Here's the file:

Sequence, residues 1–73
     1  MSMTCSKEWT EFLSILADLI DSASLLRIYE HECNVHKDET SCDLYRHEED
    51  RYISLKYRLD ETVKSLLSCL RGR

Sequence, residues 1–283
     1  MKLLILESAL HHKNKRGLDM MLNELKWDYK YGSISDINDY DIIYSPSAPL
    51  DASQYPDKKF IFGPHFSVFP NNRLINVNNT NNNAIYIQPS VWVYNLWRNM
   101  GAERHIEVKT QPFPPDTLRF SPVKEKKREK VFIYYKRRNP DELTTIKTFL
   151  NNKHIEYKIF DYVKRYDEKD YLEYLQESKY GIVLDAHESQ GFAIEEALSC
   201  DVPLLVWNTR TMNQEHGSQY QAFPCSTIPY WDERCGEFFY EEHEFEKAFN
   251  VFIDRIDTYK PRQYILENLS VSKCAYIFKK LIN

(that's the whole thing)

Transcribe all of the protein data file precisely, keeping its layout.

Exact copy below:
Sequence, residues 1–73
     1  MSMTCSKEWT EFLSILADLI DSASLLRIYE HECNVHKDET SCDLYRHEED
    51  RYISLKYRLD ETVKSLLSCL RGR

Sequence, residues 1–283
     1  MKLLILESAL HHKNKRGLDM MLNELKWDYK YGSISDINDY DIIYSPSAPL
    51  DASQYPDKKF IFGPHFSVFP NNRLINVNNT NNNAIYIQPS VWVYNLWRNM
   101  GAERHIEVKT QPFPPDTLRF SPVKEKKREK VFIYYKRRNP DELTTIKTFL
   151  NNKHIEYKIF DYVKRYDEKD YLEYLQESKY GIVLDAHESQ GFAIEEALSC
   201  DVPLLVWNTR TMNQEHGSQY QAFPCSTIPY WDERCGEFFY EEHEFEKAFN
   251  VFIDRIDTYK PRQYILENLS VSKCAYIFKK LIN